The analytical data were found to be consistent with the literature.[35]


#

4-(Hydroxymethyl)benzonitrile (2u)

The title compound was prepared following the general procedure for synthesis of nitriles from carboxamides. It was isolated as an off white solid (95 mg, 84%).

1H NMR (300 MHz, CDCl3): δ = 7.67 (d, J = 7.8 Hz, 2 H), 7.51 (d, J = 8.1 Hz, 2 H), 4.61 (s, 2 H).

The analytical data were found to be consistent with the literature.[46]


#

1,3-Benzodioxole-5-carbonitrile (2v)

The title compound was prepared following the general procedure for synthesis of nitriles from carboxamides. It was isolated as a white solid (106 mg, 72%).

1H NMR (300 MHz, CDCl3): δ = 7.22 (dd, J = 8.1, 1.7 Hz, 1 H), 7.04 (d, J = 1.5 Hz, 1 H), 6.87 (d, J = 8.1 Hz, 1 H), 6.07 (s, 2 H).

The analytical data were found to be consistent with the literature.[47]


#

Benzyl (1-Cyano-2-phenylethyl)carbamate (2w)

The title compound was prepared following the general procedure for synthesis of nitriles from carboxamides. It was isolated as a white solid (215 mg, 76%).

1H NMR (300 MHz, CDCl3): δ = 7.26–7.41 (m, 10 H), 5.38 (d, J = 7.2 Hz, 1 H), 5.10 (s, 2 H), 4.86 (m, 1 H), 3.13 (d, J = 5.7 Hz, 2 H).

The analytical data were found to be consistent with the literature.[48]


#

tert-Butyl (1-Cyano-2-phenylethyl)carbamate (2x)

The title compound was prepared following the general procedure for synthesis of nitriles from carboxamides. It was isolated as a white solid (192 mg, 78%).

1H NMR (300 MHz, CDCl3): δ = 7.26–7.36 (m, 5 H), 4.94 (d, J = 8.1 Hz, 1 H), 4.83 (m, 1 H), 3.13 (m, 2 H), 1.43 (s, 9 H).

The analytical data were found to be consistent with the literature.[49]


#

(9H-Fluoren-9-yl)methyl(1-cyano-3-methylbutyl)carbamate (2y)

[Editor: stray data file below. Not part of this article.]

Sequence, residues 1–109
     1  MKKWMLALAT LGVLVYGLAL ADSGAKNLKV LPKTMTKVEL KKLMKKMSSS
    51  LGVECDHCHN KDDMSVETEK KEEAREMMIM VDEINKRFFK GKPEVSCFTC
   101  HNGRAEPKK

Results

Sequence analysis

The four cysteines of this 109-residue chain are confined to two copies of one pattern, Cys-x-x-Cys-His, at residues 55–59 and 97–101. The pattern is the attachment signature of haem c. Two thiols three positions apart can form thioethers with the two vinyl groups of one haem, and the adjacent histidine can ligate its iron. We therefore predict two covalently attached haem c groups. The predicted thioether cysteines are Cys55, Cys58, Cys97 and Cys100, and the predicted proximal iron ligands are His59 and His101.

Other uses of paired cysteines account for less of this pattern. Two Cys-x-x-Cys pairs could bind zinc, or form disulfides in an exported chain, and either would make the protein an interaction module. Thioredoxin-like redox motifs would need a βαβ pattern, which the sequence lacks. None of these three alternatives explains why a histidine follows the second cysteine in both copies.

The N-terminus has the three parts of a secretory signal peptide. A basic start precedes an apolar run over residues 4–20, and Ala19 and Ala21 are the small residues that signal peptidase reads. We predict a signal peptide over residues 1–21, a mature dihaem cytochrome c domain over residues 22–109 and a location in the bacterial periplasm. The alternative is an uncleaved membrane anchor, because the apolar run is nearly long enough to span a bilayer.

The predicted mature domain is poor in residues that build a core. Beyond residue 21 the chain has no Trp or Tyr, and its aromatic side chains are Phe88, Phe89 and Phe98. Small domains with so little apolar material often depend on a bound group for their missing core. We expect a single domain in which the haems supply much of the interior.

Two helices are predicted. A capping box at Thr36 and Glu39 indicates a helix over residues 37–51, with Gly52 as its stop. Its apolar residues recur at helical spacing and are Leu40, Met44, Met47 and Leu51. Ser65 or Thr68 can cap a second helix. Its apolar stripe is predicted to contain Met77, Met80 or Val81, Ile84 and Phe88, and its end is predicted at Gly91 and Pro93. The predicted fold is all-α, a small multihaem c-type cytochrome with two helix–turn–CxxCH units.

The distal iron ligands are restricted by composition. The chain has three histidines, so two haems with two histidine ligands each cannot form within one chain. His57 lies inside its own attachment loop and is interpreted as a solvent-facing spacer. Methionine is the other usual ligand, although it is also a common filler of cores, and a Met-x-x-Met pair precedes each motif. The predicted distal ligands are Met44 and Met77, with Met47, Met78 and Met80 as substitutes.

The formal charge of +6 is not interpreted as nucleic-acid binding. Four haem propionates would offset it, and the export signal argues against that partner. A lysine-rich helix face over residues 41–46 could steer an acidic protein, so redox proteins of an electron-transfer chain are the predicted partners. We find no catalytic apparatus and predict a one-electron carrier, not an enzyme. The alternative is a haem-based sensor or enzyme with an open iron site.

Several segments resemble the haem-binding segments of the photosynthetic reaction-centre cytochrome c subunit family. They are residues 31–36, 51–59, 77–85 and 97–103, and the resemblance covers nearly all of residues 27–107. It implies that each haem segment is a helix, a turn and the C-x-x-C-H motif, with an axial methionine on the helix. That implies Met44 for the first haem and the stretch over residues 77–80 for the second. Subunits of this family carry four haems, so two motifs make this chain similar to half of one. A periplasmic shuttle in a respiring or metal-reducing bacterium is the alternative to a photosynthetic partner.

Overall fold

The title compound was prepared following the general procedure for synthesis of nitriles from carboxamides. It was isolated as a white solid (242 mg, 72%).

1H NMR (300 MHz, CDCl3): δ = 7.25–7.78 (m, 8 H), 5.07 (br, 1 H), 4.51–4.63 (m, 3 H), 4.21 (m, 1 H), 1.65–1.81 (m, 3 H), 0.97 (d, J = 5.4 Hz, 6 H).

The analytical data were found to be consistent with the literature.[50]


#

tert-Butyl (1-Cyano-2-(1H-indol-3-yl)ethyl)carbamate (2z)

The title compound was prepared following the general procedure for synthesis of nitriles from carboxamides. It was isolated as a white solid (204 mg, 71%).

1H NMR (300 MHz, acetone-d 6): δ = 10.31 (br s, 1 H), 7.68 (d, J = 7.8 Hz, 1 H), 7.43 (d, J = 7.9 Hz, 1 H), 7.34 (s, 1 H), 7.15–7.02 (m, 2 H), 6.92 (br m, 1 H), 4.87 (q, J = 8.1 Hz, 1 H), 3.34 (m, 2 H), 1.39 (s, 9 H).

The analytical data were found to be consistent with the literature.[51]


#
#

Acknowledgment

We would like to thank Dr Yashwant (Scientist C, THSTI) for his support in performing HRMS experiments.

Supporting Information

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Zoom Image
Figure 1 Examples of pharmaceuticals containing a nitrile moiety
Zoom Image
Scheme 1 Triflic anhydride mediated synthesis of primary amides. Reagents and conditions: acid (1 equiv) in anhydrous CH2Cl2 at –10 °C, Tf2O (1.1 equiv), Et3N (2.2 equiv) and aqueous ammonium hydroxide (2.5 equiv). Substrates 1tx were used as their racemic mixture.
Zoom Image
Scheme 2 One-pot domino conversions of acids into nitriles. Reaction conditions: acid (1 equiv) in anhydrous CH2Cl2 at –10 °C, Tf2O (1.1 equiv), Et3N (2.2 equiv) and ammonium hydroxide (2.5 equiv) with addition of Tf2O (1.1 equiv) after amide formation.
Zoom Image
Scheme 3 Substrate scope for reaction of amide into nitrile conversion. Reaction conditions: Amide (1 equiv) was dissolved in CH2Cl2 and cooled to –10 °C. To this solution was added Tf2O (1.1 equiv). An addition of Et3N (2.2 equiv) was required for 2d, 2g, 2j, 2m, 2h, 2, and 2z. The substrates 2wz were used as their racemate.